This American stadium is unique for its picturesque position, view and odd shape. Its running track is a mess and adding to all that it gets flooded after heavy rains!
Usually we see stadia take up names of famous people or places where they stand. Not in this case, though. Almost at the heart of Tacoma is a stadium that gave the name to nearby school and in fact the entire district! And no wonder, because it’s not a regular stadium by no means. It was created in 1910 by the pushing down of 140,000 m3 of soil in the Old Woman’s Gulch.
The existing gulch was widened to accommodate both a football field and running track. Around them were stands in the shape of asymmetric horseshoe opened towards the Commencement Bay. With 31 rows of very steep terracing, they were able to hold some 32,000 people, earning what was then called Tacoma Stadium its crucial role as the city’s largest sports venue.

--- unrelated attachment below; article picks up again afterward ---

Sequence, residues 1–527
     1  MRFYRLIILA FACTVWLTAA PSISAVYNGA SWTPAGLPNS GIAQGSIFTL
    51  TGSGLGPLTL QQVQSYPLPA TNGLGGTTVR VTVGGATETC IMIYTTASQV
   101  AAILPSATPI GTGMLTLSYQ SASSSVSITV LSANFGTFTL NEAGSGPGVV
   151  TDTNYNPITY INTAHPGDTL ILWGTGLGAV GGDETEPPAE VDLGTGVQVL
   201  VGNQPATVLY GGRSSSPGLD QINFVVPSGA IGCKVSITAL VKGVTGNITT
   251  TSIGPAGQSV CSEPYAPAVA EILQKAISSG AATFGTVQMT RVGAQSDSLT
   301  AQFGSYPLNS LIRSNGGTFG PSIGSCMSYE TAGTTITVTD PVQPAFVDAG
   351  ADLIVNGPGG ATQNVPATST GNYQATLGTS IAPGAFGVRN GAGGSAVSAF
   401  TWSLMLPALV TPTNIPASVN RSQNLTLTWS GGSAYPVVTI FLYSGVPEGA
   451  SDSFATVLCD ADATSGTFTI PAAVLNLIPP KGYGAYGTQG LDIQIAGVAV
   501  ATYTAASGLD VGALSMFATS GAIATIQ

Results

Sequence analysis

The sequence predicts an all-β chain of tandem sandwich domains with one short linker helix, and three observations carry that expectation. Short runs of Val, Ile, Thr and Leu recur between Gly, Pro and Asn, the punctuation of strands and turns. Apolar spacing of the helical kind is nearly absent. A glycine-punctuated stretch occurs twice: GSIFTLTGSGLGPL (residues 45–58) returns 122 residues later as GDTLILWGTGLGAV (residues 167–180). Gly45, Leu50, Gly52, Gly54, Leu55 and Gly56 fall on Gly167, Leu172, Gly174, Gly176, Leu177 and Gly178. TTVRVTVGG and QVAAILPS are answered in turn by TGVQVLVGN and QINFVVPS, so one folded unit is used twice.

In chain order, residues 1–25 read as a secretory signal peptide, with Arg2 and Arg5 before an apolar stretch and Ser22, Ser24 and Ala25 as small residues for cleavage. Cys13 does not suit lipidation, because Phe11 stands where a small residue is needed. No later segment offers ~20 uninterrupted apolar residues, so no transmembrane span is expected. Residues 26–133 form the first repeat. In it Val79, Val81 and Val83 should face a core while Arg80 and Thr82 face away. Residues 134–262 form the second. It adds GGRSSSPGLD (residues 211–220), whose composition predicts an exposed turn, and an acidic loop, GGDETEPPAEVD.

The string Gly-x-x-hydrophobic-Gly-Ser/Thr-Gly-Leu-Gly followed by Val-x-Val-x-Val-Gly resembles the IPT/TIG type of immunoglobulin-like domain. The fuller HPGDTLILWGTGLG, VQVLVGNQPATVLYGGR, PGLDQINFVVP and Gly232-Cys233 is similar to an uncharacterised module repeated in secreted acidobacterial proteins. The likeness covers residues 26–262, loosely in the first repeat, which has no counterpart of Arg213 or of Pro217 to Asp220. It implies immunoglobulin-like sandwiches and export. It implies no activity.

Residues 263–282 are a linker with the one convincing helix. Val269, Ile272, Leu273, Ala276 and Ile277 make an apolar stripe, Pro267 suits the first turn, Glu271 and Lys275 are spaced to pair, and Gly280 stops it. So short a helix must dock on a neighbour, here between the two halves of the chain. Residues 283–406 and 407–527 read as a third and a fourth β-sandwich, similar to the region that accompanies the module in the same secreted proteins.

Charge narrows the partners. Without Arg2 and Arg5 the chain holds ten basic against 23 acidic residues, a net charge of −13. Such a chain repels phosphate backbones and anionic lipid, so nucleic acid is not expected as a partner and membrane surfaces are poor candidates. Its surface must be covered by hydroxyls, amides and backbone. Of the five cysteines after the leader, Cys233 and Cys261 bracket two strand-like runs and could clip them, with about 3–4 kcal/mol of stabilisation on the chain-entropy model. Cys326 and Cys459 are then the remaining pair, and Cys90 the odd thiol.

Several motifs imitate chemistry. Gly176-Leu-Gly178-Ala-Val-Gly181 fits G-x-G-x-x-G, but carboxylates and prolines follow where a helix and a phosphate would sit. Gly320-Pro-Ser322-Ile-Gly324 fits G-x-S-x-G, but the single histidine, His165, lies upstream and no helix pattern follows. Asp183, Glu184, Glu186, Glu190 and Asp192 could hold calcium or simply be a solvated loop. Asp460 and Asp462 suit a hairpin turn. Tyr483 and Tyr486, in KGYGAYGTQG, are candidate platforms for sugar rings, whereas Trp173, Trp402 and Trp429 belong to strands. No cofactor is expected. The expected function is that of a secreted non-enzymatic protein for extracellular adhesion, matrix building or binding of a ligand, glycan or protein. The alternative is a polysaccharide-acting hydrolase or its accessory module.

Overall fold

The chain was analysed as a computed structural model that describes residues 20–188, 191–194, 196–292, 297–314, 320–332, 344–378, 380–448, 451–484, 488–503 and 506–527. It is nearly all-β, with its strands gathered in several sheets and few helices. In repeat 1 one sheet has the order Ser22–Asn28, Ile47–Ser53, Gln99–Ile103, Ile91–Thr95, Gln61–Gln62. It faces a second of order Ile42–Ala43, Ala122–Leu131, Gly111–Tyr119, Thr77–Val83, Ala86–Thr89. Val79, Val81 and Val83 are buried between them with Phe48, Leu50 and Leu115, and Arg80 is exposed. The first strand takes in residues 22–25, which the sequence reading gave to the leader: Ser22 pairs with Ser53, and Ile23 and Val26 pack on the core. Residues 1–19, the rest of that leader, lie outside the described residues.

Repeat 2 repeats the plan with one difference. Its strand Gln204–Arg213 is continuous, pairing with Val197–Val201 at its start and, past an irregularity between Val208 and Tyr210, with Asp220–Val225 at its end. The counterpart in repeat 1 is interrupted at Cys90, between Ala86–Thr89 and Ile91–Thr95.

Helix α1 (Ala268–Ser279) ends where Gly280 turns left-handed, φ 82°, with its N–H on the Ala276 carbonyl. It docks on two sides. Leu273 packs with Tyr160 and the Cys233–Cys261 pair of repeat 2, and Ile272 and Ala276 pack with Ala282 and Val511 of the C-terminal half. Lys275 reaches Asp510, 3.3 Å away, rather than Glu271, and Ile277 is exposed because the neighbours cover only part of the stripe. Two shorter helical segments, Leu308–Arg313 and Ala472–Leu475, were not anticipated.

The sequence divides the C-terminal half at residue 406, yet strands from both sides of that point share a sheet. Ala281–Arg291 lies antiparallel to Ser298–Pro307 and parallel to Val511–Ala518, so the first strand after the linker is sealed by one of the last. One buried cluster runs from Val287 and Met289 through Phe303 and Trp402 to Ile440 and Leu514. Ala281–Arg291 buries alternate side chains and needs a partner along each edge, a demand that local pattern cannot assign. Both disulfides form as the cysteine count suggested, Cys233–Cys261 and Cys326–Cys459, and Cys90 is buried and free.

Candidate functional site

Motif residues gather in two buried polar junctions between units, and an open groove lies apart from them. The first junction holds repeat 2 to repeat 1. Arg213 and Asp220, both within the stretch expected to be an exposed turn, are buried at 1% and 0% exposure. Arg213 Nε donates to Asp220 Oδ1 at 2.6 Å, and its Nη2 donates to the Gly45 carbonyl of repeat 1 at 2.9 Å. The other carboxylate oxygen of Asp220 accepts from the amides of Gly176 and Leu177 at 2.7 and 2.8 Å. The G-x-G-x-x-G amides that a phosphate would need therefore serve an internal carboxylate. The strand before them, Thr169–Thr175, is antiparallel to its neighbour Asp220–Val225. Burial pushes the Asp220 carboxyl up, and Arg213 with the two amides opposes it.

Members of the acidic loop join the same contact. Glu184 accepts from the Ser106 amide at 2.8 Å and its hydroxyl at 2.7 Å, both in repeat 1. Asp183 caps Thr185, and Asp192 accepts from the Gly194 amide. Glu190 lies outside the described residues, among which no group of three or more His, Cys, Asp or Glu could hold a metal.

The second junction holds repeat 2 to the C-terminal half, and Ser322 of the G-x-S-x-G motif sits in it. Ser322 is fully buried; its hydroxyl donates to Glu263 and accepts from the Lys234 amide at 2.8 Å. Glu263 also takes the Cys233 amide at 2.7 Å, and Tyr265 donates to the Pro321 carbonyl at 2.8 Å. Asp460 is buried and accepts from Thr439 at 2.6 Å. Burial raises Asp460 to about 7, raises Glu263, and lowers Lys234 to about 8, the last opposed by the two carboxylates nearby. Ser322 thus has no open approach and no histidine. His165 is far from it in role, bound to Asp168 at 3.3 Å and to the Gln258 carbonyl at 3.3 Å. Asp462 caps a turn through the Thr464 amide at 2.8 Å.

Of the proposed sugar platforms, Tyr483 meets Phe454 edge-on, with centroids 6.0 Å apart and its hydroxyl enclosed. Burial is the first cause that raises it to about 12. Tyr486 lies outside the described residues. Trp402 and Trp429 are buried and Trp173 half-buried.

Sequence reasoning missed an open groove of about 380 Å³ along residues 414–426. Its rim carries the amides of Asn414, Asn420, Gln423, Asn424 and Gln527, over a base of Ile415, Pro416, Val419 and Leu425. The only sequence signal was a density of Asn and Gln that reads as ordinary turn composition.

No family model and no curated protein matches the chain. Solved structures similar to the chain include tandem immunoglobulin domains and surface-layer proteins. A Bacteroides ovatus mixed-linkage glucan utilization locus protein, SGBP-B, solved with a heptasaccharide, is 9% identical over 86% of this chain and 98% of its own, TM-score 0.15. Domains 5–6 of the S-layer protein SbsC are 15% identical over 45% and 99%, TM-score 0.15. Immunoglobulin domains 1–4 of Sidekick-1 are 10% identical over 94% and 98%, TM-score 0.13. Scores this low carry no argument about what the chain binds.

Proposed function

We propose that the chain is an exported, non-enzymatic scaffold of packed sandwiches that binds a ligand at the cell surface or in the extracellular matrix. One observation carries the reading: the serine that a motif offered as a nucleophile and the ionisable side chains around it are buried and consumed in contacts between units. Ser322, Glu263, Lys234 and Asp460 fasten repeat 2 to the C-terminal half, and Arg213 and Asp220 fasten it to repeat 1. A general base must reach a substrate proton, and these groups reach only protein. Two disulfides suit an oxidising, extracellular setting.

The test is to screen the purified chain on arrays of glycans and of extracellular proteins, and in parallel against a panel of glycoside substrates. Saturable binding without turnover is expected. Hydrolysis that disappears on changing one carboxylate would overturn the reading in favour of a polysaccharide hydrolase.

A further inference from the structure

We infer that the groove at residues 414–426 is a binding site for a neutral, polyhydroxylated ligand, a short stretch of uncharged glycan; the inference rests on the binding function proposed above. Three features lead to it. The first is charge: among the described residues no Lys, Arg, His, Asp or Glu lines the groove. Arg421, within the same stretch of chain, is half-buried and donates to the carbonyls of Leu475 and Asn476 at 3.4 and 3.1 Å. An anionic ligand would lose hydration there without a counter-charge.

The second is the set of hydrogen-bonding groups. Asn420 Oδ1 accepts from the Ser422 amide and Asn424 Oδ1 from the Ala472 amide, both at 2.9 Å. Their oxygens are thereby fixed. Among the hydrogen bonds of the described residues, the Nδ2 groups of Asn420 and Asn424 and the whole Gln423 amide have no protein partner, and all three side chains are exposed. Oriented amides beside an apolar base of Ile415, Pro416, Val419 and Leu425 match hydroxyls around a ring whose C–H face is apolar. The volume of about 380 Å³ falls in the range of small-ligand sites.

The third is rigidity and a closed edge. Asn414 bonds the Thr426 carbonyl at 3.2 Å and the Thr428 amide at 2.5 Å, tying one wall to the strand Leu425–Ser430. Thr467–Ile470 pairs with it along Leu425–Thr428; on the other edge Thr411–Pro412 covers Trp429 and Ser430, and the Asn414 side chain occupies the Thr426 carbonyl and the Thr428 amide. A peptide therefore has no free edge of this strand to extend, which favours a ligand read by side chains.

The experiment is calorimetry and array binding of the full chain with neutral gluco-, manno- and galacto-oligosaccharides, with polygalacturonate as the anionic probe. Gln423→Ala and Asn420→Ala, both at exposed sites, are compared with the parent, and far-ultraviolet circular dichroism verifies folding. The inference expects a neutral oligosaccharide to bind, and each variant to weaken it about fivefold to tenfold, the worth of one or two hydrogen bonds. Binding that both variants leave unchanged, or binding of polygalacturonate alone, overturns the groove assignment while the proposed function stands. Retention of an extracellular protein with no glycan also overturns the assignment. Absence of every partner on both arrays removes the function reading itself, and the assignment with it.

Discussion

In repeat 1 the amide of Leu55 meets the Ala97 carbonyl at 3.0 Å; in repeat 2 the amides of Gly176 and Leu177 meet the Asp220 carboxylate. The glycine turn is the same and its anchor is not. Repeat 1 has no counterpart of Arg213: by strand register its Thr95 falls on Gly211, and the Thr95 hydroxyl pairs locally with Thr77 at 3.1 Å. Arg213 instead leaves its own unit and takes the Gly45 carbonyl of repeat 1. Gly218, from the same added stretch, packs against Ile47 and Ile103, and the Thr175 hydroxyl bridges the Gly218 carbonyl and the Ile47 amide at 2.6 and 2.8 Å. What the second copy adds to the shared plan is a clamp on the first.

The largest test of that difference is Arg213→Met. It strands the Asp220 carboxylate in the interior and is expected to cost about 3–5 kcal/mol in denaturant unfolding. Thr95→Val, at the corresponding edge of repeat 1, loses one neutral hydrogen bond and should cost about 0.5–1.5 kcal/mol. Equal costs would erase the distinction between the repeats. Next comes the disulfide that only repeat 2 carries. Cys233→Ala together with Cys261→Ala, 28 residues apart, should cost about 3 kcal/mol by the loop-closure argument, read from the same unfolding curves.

Built just 4 years after the completion of adjacent high school (located within a previously unfinished hotel), the stadium imposed its name onto it, making the Stadium High School a landmark. In fact, together these buildings create a legally protected site.
Protection means this place should not be significantly altered, though its limitations seem obvious. Perhaps most after the ground proved unable to hold the entire stadium in 1970s and 80s, forcing the collapse of parts of it and thus limiting its capacity to the current 15,000.
One different compromise is the running track, which was never possible to reach its desired shape due to insufficient room. Until 2010 it was still a complete circuit (left in above photo), even if oddly-shaped, but after field enlargement only stumps of the track were left.
The building is also notorious for being flooded after heavy storms as the steep staircases turn into cascading waterfalls (check the below video!).
Meet all 15 special stadiums added for our 15th anniversary!